Benefits of Building with Wood


It’s easy for the building industry to take a lot of criticism when it comes to environmental practices.  There is the harvesting of minerals/materials for construction, the ecological footprint of home building, land consumption, transporting materials and people, and waste generated.  Due to these reasons, the industry will definitely take advantage of any opportunity it can get to save some face by publicizing the use of “green” materials or  “green” processes.  Not  surprisingly though, is that wood gets overlooked in this conversation among the general population.  Mainly because the general population isn’t interested in reading details on the building industry until it’s in the mainstream, i.e. newspapers, twitter, blogs.  This is not to the fault of the masses, reading such information is like reading medical journals, it is full of jargon.  So unfortunately wood has maintained some misrepresentations in the world, but today I’m hoping to expand and enlighten minds on the topic of wood.  Are you ready?  I am…So exciting I know…Wood.



You didn’t misread that, I did not intend to spell framing and got it wrong.  I meant farming…like farming corn, but I’m talking about wood here.  But more on that in a bit.  So of course the big argument against wood is that it comes from the forest industry (obviously), which supports the harvesting, and some would say destruction of large amounts of forest.  While it’s true that the forestry sector does cover a large land mass within Canadian provinces, much of the land used for forestry is done so in development fields that are managed to produce timber as the industry requires it, so the land itself can be re-used for more growing in time. This outlines the most sustainable feature of wood, it’s renewable, something that no other large-scale building material can match.  Rock and metal are a finite resource.  A study by Yale University in 2006 found that without proper recycling, world metals including copper, zinc and many more, would face depletion as long as the world’s population continues to increase and more nations begin using services and building practices of developed nations.  Wood 1.  Metal/Rock 0.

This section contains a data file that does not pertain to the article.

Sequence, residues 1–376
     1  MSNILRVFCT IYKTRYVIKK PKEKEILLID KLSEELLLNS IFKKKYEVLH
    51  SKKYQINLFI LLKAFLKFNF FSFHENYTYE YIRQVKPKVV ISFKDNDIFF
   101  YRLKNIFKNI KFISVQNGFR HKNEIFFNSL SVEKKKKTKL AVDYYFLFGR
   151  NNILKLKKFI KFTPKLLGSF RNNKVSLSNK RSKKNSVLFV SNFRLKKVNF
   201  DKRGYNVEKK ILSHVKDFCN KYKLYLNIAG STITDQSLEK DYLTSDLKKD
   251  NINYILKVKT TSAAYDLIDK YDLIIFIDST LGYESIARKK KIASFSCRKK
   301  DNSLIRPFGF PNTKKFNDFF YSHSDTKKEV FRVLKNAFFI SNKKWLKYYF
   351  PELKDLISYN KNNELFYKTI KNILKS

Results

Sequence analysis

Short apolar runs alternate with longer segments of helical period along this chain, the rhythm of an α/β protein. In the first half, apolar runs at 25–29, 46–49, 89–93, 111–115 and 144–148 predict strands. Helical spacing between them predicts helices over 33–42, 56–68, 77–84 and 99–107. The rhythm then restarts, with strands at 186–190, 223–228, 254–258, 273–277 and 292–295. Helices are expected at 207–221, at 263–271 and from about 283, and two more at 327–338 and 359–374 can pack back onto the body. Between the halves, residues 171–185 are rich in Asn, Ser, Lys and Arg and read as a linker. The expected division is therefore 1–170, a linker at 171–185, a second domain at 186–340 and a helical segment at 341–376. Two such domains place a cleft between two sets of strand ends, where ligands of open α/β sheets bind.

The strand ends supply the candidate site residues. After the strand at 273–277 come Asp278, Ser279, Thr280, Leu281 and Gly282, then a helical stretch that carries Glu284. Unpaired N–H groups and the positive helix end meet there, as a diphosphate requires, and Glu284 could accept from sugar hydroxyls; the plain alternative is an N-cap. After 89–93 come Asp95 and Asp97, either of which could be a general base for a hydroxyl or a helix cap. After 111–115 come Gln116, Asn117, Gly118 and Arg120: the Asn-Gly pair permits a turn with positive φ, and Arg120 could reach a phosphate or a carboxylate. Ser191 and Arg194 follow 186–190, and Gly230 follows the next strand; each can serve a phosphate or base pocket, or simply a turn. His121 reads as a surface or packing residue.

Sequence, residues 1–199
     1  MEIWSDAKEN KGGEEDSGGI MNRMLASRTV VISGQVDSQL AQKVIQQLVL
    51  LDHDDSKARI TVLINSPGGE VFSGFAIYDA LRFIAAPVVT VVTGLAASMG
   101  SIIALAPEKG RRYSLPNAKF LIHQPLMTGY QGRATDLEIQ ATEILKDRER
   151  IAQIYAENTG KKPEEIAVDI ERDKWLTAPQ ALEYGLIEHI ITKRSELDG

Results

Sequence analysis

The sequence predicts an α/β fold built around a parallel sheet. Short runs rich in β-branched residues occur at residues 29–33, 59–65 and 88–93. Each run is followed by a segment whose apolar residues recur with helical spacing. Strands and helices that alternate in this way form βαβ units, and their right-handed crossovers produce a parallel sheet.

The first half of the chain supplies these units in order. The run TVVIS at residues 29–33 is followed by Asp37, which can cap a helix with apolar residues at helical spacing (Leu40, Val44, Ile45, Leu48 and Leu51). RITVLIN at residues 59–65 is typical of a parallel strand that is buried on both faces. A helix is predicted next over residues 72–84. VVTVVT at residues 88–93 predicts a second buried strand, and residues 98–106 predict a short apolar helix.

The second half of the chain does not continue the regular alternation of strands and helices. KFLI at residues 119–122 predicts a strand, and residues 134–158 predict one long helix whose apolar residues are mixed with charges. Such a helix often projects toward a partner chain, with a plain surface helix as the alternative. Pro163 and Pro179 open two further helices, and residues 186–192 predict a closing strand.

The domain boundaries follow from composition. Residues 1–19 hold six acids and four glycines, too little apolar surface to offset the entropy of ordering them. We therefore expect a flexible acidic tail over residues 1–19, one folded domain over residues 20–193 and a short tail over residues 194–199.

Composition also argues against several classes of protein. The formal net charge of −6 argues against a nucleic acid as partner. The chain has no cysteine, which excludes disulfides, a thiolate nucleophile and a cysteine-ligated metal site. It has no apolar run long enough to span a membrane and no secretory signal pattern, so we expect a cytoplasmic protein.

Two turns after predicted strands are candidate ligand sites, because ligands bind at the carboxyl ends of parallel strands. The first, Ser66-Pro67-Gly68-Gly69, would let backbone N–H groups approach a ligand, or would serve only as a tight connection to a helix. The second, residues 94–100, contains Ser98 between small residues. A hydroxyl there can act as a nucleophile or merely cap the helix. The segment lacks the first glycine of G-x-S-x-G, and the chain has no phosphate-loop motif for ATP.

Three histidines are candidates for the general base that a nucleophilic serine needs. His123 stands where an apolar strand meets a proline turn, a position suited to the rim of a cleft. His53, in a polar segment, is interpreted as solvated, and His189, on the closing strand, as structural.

Right from the beginning of the process of creating a building material, wood demonstrates its sustainable features as it requires less manufacturing to create wood products than any other large-scale building product, therefore using less energy in factories to produce.  When it gets on a job site, wood is lightweight and easy to use in building practices, further reducing it’s carbon footprint as it requires less time and energy to construct than other products.

The dedicated lands for developing forestry products ensure we are continually producing trees that will consume CO2 and emit oxygen for our environment.  And something the average consumer will not know is that when trees are harvested, the CO2 absorbed over the trees lifetime is locked away in the product.  The only way the CO2 will be released is through burning, which then makes it a carbon neutral product that isn’t positively or negatively affecting the environment.  And of course wood burning can be used as a heat source, decreasing dependency on other forms of heat like gas, oil and electric.  I think this tips the scales back in favour of an environmental positive.

Aesthetic Purposes


Getting away from the sustainable features of wood, it still carries many benefits.  As a solid, flexible product, wood is a great material for sound transmission, making it an ideal choice for acoustical buildings/purposes.  There are many great concert halls, and church’s designed with wood for acoustical purposes.  Additionally, due to the ease of it’s handling in the construction phase, wood can be built in pre-fabricated, modular systems in factories and shipped to it’s destination, this makes it efficient to be designed and produced on a large scale for faster development.  This may not interest you as much, until you consider what kinds of homes and shelters are built after natural disasters that destroy large amounts of housing.



And finally, as a building product with many uses, wood can be used for framing and finishing, together…at the same time…from the same piece of wood.  When using post and beam construction (heavy timber construction), wood can be used for structural and finishing purposes, eliminating the need to cover the structural supports with another product to finish the surface.  This practice of using wood will reduce the amount of materials used on a project, saving money, resources, time, and increases aesthetic appeal in a world of cookie cutter homes (McMansions) and buildings that lack any definitive character.  Take a look at the photo here, it is a great representation of using timbers for structure and finish.

If you are interested in reading more about the benefits of building with wood, check out the Canadian Wood Council or Wood Works!.    Contact Tucker Design/Build at 1-855-288-2537, or to setup an appointment for your next project and consider all of the benefits of one dynamic material, wood.